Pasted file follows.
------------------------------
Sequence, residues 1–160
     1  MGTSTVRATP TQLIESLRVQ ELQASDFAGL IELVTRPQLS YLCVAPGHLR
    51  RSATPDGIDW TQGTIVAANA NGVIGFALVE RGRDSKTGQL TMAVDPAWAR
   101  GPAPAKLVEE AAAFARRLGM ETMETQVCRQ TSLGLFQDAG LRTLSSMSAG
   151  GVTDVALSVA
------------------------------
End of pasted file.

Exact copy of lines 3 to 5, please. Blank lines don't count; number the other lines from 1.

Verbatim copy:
    51  RSATPDGIDW TQGTIVAANA NGVIGFALVE RGRDSKTGQL TMAVDPAWAR
   101  GPAPAKLVEE AAAFARRLGM ETMETQVCRQ TSLGLFQDAG LRTLSSMSAG
   151  GVTDVALSVA